Arun Gandhi, the fifth grandson of Mohandas Karamchand Gandhi, grew up angry.
Of Indian descent and raised in South Africa, he suffered doubly under apartheid, “attacked by white children for not being white enough and attacked by black children for not being black enough.” Arun’s escalating rage led his parents to move him at age twelve to his grandfather’s ashram in India, where he lived until an assassin ended Mahatma Gandhi’s life two years later.
Arun recalls what he learned during that time in The Gift of Anger And Other Lessons from My Grandfather Mahatma Gandhi. The book released this year relates each lesson as a separate chapter, but as a whole affirms the individual and collective power of community. The angry young man, now in his eighties, has spent more than sixty years in the service of peace and justice. He says the time spent with his beloved “Bapuji” changed the course of his life.
While the world saw Mahatma Gandhi as the leader of a movement to gain Indian independence and advocate for nonviolent, civil disobedience, Arun saw someone else.
“I knew him as a warm, loving grandfather who looked for the best in me and so brought it out,” he writes.
Daily, the boy learned to see all people as one family. Each of the book’s lessons seems to emerge from that simple perception: the importance of humility and of speaking up, the value of solitude, and the power in channeling anger as a force for good, to “separate the just from the unjust.”
But something else emerges from The Gift of Anger, a timeless truth that’s easy to forget in this overloaded, over-wired, overanxious world: We are all in this together. We need each other. And not one of us will survive this life alone.
Time and again, Mahatma Gandhi would turn to the people around him for help and support. Faced with a crisis of his own, Arun found an opportunity to walk once again in his grandfather’s footsteps.
“In joining together, we flourish in ways we never can if we stand alone.”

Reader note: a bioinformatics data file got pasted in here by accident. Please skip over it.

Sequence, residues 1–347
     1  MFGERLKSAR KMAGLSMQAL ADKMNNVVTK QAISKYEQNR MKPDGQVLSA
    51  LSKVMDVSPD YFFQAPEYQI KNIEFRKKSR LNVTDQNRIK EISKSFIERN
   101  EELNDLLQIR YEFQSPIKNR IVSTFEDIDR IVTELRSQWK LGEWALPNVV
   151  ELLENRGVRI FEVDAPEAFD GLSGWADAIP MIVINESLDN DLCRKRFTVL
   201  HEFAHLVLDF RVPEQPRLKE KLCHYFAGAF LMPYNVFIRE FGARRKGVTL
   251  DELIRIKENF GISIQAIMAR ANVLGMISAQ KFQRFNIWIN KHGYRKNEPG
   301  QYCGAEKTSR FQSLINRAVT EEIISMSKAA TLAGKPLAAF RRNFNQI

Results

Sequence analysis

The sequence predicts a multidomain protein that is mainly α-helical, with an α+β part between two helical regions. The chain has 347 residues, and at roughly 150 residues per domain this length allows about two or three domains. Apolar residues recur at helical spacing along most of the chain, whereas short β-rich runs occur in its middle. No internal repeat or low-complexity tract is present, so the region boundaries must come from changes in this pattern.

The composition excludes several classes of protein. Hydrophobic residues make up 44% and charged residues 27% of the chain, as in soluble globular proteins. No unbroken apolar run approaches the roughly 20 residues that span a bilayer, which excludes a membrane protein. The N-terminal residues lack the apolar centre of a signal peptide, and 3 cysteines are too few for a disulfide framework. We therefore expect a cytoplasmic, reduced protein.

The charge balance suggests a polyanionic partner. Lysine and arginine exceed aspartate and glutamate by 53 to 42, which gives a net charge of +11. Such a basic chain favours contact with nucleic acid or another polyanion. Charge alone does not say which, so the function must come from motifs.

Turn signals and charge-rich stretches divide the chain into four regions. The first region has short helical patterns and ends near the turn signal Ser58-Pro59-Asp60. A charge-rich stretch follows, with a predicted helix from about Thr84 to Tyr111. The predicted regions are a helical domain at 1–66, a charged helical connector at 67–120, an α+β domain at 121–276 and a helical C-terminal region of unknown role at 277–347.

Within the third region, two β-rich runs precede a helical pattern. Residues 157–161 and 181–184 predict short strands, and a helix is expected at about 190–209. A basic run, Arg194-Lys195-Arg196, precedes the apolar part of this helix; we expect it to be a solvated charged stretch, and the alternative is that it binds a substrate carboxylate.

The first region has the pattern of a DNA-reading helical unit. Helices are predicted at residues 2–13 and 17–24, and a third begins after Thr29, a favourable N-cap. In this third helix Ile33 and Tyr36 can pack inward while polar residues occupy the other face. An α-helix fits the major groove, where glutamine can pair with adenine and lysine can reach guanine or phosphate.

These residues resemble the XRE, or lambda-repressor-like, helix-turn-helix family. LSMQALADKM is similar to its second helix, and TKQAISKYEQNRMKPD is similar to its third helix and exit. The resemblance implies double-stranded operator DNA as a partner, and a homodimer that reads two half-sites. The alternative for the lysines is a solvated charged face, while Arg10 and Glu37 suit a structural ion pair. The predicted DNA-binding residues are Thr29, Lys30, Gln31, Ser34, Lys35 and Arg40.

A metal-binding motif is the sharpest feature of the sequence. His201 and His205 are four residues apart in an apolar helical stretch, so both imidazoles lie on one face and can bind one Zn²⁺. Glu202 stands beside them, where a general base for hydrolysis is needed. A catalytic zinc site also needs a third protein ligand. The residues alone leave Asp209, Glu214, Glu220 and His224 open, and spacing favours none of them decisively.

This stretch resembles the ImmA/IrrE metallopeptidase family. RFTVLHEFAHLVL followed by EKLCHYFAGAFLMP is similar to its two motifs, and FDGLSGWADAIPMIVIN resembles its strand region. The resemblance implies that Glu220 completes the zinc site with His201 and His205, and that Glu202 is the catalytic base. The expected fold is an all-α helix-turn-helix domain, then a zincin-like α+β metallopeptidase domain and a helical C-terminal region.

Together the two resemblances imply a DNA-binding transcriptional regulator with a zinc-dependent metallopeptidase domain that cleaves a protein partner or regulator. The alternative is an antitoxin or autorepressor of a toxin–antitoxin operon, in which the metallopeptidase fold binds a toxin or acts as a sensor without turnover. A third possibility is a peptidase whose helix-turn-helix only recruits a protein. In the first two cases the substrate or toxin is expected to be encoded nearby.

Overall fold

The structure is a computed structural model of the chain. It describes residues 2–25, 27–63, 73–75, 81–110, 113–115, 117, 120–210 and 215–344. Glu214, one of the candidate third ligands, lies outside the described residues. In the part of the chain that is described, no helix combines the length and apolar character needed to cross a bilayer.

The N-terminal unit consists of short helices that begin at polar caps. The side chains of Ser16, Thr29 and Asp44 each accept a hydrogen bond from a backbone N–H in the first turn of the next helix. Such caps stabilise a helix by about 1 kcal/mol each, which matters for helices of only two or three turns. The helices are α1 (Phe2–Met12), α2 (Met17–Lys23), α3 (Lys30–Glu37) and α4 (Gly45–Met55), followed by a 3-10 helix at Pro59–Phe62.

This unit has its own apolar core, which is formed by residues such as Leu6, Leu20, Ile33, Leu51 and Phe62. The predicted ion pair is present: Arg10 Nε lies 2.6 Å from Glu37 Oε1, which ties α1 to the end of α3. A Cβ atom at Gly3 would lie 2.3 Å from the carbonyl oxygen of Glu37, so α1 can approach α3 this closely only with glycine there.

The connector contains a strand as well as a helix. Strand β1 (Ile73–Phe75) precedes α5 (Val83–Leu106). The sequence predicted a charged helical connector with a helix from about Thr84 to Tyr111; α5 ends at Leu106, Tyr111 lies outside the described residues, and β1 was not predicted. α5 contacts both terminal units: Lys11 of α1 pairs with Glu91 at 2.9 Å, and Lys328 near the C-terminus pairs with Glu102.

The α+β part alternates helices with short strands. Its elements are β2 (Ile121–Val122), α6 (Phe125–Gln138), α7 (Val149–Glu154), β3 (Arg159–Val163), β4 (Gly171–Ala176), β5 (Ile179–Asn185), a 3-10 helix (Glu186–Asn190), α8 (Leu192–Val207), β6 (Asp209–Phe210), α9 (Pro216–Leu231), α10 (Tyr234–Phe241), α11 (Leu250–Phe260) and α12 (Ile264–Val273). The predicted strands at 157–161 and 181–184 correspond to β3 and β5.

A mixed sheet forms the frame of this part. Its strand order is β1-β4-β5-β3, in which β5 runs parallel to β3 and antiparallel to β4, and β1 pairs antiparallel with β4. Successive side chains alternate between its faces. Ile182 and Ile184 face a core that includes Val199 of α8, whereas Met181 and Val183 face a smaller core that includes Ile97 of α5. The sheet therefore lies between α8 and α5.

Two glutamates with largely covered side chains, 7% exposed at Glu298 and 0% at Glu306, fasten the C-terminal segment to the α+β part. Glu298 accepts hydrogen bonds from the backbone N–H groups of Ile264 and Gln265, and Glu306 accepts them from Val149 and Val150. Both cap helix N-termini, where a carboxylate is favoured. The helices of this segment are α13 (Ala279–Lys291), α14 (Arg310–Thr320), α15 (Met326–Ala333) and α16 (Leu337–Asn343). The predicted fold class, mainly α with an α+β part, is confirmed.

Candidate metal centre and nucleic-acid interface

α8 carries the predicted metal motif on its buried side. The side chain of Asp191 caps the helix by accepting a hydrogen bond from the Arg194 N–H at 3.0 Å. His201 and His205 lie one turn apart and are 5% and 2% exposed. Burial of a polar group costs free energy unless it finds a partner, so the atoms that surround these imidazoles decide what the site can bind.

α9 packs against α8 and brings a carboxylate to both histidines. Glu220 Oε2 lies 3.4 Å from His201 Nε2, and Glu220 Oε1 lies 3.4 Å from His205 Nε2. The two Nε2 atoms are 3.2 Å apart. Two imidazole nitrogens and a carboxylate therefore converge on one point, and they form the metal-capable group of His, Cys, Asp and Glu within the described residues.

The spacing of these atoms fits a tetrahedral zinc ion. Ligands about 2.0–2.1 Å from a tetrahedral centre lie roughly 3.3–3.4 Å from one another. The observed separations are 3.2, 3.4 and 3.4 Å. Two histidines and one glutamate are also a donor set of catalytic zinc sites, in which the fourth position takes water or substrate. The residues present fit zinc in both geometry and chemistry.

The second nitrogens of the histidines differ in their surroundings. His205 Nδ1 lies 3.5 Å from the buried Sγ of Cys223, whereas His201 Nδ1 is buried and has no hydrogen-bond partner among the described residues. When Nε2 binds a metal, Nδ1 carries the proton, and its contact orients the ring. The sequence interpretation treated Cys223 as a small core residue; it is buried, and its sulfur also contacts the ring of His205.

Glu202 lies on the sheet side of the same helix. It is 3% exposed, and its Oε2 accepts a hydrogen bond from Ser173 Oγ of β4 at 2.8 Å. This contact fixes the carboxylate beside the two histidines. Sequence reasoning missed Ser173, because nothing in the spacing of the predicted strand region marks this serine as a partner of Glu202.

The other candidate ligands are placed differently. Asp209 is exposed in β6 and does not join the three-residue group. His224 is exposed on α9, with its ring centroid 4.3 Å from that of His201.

In the early 1990s, anger over police brutality and racial injustice sparked riots in Los Angeles, California. The rage quickly spread across the country and landed in Memphis, Tennessee where Arun and his wife, Sunanda, in 1991 founded the M.K. Gandhi Institute for Nonviolence at Christian Brothers University.
Fearing an outbreak of violence, people asked Arun to do something that would calm the community. Recalling the time, he writes:
“I wasn’t completely sure what to do. I didn’t have my grandfather’s magnetism or his ability to persuade people. But I knew whenever he couldn’t find an answer, he organized a prayer service and invited people to look for answers with him.”
The day of Arun’s service, more than six hundred people, along with representatives from more than thirty religious organizations came together on a football field to pray for Memphis.
“Peace and hope can blossom when we open ourselves to others,” he writes. “In joining together, we flourish in ways we never can if we stand alone.”
Civil unrest comes in waves these days, each rising higher than the last. Our nation faces increasing threats of war, and we read almost daily about the tragic consequences of racism and inequality. That’s why Arun Gandhi, now an octogenarian, chose this time and space to share his intimate remembrance.
At the ashram, he writes, Bapuji “insisted we look beyond our relatives and accept all of humanity as our family … We each survive only if the world survives.”